Meadow Brown on Knapweed
Male Meadow Brown scaring an intruder on its Knapweed
Female Meadow Brown
. Conditions: Cloud with sunny intervals. Temperature: Max 18 Min 9C.
The nature of nature-watching. Being able to watch, and in this case photograph, this healthy young Fox epitomises a key aspect of watching nature, for me. I went up to the top field where I am lucky to stay in Sussex, with the aim of watching Green Woodpeckers. I had heard them regularly and know from other years that, if I hide in a sheltered corner and wait, I may see them working the anthills at the crest of the field. After twenty minutes standing stock-still and quiet as a mouse there were no Green Woodpeckers at all, but what paced silently across the damp field-bottom and then steadily up the hill towards me was this beautiful Fox, listening in the undergrowth for small rodents to prey on before sloping off to another possible food-source! The guideline is, watch if you can- you may see nothing and you probably won’t see what you went for but with a bit of luck, you might see something else! Conditions: Disturbed weather across the country- storms, rain and sun. Temperature: Max 21 Min 13C.
Reed Bunting- These lovely long-tailed, sparrow-sized birds traditionally nest in damp areas and reed beds but lately have spread to drier habitats, probably due to the loss of wetlands, and are becoming pretty successful nesting in the shelter of Oil Seed Rape fields, although these are usually cut before they can get a second brood in. The strikingly bold patterned male finds a suitable nest site and the more muted female builds the nest. This female was finding plenty of insects, which the young and adults eat in spring, before adding seeds to their diet in summer. She was dropping down into the nest in the bottom of the grasses, but if a predator is around, as with some other birds, including the Lapwing, the Reed Bunting will feign injury and move away from the nest to draw the danger away.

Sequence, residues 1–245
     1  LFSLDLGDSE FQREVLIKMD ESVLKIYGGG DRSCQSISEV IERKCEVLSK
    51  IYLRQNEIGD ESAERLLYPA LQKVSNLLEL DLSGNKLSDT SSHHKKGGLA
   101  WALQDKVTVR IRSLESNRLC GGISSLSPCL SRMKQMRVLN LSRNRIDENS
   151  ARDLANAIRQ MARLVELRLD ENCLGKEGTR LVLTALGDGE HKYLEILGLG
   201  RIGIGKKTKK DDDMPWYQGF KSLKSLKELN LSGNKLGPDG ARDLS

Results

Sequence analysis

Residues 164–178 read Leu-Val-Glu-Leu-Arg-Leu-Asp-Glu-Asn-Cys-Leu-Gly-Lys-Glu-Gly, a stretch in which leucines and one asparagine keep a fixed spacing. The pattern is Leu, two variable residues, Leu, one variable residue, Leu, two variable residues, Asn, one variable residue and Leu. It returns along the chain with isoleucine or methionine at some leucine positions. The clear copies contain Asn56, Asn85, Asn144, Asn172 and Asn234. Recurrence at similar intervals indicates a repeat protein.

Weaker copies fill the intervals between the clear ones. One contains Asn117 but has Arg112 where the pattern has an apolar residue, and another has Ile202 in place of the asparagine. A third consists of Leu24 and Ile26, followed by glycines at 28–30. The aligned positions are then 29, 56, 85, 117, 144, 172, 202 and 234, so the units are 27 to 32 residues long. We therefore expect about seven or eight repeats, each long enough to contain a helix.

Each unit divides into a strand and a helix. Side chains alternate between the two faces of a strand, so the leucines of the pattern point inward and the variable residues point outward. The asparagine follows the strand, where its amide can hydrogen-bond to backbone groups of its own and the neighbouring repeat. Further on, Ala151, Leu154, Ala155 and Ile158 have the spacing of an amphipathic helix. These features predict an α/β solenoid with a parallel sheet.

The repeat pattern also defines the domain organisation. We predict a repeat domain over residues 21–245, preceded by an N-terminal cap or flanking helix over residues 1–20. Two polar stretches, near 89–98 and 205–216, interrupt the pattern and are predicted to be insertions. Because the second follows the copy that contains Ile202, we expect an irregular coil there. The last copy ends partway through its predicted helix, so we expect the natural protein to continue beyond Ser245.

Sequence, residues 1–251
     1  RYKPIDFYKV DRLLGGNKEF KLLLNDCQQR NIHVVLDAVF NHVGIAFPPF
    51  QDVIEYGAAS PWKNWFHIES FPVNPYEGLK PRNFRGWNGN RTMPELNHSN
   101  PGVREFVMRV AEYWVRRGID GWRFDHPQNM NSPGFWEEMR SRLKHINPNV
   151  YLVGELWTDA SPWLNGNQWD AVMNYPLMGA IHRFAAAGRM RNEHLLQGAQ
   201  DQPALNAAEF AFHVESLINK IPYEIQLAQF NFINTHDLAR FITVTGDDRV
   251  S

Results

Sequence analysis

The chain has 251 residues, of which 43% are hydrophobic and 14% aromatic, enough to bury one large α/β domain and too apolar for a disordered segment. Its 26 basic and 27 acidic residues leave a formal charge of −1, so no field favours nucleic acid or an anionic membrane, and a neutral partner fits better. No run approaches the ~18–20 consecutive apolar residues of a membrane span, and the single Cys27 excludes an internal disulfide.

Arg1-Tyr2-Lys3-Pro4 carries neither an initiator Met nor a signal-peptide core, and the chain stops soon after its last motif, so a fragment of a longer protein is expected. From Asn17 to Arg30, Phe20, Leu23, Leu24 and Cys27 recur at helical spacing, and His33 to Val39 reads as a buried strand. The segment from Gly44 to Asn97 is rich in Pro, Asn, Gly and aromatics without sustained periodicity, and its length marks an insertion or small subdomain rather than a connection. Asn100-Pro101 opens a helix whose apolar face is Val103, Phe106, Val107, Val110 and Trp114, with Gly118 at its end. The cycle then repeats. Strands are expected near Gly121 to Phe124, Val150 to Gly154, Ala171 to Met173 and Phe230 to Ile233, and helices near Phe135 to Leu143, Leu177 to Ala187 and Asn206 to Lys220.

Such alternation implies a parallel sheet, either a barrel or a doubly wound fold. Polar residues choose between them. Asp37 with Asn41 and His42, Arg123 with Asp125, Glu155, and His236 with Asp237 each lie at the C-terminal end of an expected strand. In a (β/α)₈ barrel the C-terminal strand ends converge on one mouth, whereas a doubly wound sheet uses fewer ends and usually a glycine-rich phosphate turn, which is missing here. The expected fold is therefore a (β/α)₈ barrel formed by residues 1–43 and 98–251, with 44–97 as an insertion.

Male Reed Bunting
Female Reed Bunting
Female Reed Bunting with insects for her young
Female Reed Bunting with insects fro her brood, down in the grasses